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Review: Jack Ryan: Shadow Recruit


Thank goodness for Kenneth Branagh. Without the weight of his acting and directing, the unfortunately-titled Jack Ryan: Shadow Recruit would be completely flimsy and forgettable other than being the mildly entertaining and serviceable action thriller it turns out to be.

Branagh takes on double duty, bringing with him an eye for not just what should be punched up and emphasized, but what needs to be trimmed (this could be much longer and boring). The story, essentially, is one of origin, not unlike the slew of superhero ones we’ve seen over the last few years (Branagh also directed Thor in 2011). It follows the rise of Jack Ryan, the American spy hero created by Tom Clancy and realized on the big screen for the first time in 1990 by Alec Baldwin, then twice by Harrison Ford, and most recently by Ben Affleck in 2002.

Taking over the helm for of the first of who knows how many times, is Chris Pine, who seems to be slowly being molded into that of an action star. Even though his character is this noble, book-smart analyst, Pine brings both a bit of humanity and some much needed grittiness.

Following an accident while serving in Afghanistan, Ryan returns home where he rehabs and is recruited by the mysterious C.I.A. Agent Thomas Harper. It’s a character that, as portrayed by Kevin Costner, mostly comes off confusing and weird, as Costner does something where you’re not sure if it’s sincerity or parody, or if he knows whether his character is a good guy or bad.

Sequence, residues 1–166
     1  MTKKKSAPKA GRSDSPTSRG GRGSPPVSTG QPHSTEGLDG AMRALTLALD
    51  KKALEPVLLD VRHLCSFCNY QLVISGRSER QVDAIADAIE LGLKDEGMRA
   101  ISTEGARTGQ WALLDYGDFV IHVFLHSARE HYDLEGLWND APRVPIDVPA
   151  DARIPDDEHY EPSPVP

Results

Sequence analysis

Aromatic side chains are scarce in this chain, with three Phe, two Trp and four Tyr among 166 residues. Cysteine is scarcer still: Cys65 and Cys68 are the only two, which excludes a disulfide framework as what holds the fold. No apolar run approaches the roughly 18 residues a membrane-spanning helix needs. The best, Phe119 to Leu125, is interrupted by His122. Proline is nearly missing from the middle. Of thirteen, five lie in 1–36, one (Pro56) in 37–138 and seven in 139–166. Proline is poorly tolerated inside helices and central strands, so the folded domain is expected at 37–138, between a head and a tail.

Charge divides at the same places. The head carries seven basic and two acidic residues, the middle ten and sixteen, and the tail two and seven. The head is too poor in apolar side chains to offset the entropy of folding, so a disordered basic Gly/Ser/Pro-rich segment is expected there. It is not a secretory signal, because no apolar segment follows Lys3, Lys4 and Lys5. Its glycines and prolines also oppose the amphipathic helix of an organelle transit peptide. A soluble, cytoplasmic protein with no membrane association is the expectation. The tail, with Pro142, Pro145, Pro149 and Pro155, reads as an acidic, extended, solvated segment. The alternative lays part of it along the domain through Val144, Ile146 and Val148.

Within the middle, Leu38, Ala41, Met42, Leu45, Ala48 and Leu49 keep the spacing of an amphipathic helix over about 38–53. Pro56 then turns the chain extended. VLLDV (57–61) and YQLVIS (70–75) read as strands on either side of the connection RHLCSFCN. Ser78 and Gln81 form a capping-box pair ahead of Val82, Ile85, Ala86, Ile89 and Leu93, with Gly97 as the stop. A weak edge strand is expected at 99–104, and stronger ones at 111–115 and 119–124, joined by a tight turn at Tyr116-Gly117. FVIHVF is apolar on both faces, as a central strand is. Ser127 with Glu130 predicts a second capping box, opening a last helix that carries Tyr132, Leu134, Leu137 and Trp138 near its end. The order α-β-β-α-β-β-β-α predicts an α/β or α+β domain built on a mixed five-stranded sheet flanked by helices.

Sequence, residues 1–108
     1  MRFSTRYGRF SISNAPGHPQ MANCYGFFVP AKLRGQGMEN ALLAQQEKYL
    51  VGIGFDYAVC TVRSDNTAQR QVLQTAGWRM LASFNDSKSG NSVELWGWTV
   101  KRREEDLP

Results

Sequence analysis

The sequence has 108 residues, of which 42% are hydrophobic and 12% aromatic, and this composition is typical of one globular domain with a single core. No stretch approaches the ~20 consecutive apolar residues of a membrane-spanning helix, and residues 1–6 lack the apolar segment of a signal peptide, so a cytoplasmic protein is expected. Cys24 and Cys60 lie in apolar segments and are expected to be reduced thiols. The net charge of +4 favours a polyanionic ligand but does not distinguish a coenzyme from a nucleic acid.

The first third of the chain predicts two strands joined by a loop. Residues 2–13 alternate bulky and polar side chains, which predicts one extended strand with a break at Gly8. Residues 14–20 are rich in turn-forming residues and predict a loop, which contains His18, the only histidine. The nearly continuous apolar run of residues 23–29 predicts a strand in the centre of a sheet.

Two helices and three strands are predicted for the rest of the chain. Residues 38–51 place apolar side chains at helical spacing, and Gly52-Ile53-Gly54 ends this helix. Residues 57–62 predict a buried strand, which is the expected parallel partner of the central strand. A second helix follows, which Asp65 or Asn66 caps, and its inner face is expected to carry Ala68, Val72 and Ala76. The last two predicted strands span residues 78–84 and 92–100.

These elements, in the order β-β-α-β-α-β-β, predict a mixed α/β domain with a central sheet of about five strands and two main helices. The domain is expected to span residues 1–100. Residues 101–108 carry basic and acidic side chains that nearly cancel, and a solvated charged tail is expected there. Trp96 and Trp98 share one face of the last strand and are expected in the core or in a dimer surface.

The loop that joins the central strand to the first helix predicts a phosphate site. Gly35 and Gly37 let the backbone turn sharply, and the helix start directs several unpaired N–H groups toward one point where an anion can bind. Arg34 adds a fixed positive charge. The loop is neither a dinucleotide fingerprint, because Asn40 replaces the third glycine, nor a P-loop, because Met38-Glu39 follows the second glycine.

He sends Ryan over to Moscow after discovering some cryptic funds being held on Wall Street by a powerful company, and rather quickly Ryan realizes that something is terribly wrong and the whole world is in trouble. Branagh assumes the role of Victor Cherevin, the wealthy Russian businessman who likes booze and woman, has a cold stare and a way with words. He too is slightly clichéd, listening to opera music and adoring fine art and finer dining, but again, Branagh has a sincerity and depth to this that never allows the film or its characters to devolve into frivolity.

Even though, it does come precariously close to being absurd, especially in an attempt to move along the plot and create conflict by offering up one or two stupid mistakes by its smart leads.

Initially alone in Moscow, Ryan’s previously unknown colleagues appear of nowhere appear (news team, assemble!), and suddenly a caper is underway to infiltrate Cherevin HQ complete with high tech gadgets, impeccably timing, and lots of diversion.

There is also the curious case of Keira Knightley, who unfortunately is forced to speak in an American accent (which does indeed come off as forced and even awkward). She is Ryan’s longtime girlfriend, and their back-and-forth is the biggest detractor (this is no Before Midnight; it’s also not couples therapy, Costner remarks in an eye-rolling moment).

Nevertheless, Branagh manages to craft a decent yet slow first half of a film that is riddled with recognizable tropes into something actually engaging later on. Everything is familiar in Jack Ryan, but Branagh’s deftness, especially in later scenes that remind of Mission: Impossible and James Bond, make this thriller watchable and painless. His character too is by far the most interesting.

The film is better than its bloated title, misleading and cheesy trailer, and in the end, better than it should be. Which, unfortunately in the end, still isn’t that great.

[star v=25]

Anthony Marcusa

A pop-culture consumer, Anthony seeks out what is important in entertainment and mocks what is not. Inspired by history, Anthony writes with the hope that someone, somewhere, might be affected.